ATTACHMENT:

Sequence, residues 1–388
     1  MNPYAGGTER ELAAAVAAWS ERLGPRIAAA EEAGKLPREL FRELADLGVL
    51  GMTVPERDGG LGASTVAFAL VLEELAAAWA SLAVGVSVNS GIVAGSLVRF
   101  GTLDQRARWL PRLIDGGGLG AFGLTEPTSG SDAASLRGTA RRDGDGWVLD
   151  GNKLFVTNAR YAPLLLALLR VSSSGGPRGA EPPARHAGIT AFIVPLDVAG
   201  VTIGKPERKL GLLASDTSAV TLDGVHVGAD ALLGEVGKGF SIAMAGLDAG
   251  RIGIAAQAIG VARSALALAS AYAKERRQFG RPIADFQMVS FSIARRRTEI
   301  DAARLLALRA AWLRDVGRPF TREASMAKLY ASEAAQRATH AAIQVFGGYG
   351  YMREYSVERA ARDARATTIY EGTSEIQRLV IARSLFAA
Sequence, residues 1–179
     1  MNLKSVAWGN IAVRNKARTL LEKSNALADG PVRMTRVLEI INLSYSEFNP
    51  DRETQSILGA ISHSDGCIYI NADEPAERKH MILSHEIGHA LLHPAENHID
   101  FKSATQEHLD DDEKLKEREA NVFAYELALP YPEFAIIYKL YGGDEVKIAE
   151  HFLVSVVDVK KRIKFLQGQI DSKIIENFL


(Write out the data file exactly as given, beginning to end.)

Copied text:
Sequence, residues 1–388
     1  MNPYAGGTER ELAAAVAAWS ERLGPRIAAA EEAGKLPREL FRELADLGVL
    51  GMTVPERDGG LGASTVAFAL VLEELAAAWA SLAVGVSVNS GIVAGSLVRF
   101  GTLDQRARWL PRLIDGGGLG AFGLTEPTSG SDAASLRGTA RRDGDGWVLD
   151  GNKLFVTNAR YAPLLLALLR VSSSGGPRGA EPPARHAGIT AFIVPLDVAG
   201  VTIGKPERKL GLLASDTSAV TLDGVHVGAD ALLGEVGKGF SIAMAGLDAG
   251  RIGIAAQAIG VARSALALAS AYAKERRQFG RPIADFQMVS FSIARRRTEI
   301  DAARLLALRA AWLRDVGRPF TREASMAKLY ASEAAQRATH AAIQVFGGYG
   351  YMREYSVERA ARDARATTIY EGTSEIQRLV IARSLFAA
Sequence, residues 1–179
     1  MNLKSVAWGN IAVRNKARTL LEKSNALADG PVRMTRVLEI INLSYSEFNP
    51  DRETQSILGA ISHSDGCIYI NADEPAERKH MILSHEIGHA LLHPAENHID
   101  FKSATQEHLD DDEKLKEREA NVFAYELALP YPEFAIIYKL YGGDEVKIAE
   151  HFLVSVVDVK KRIKFLQGQI DSKIIENFL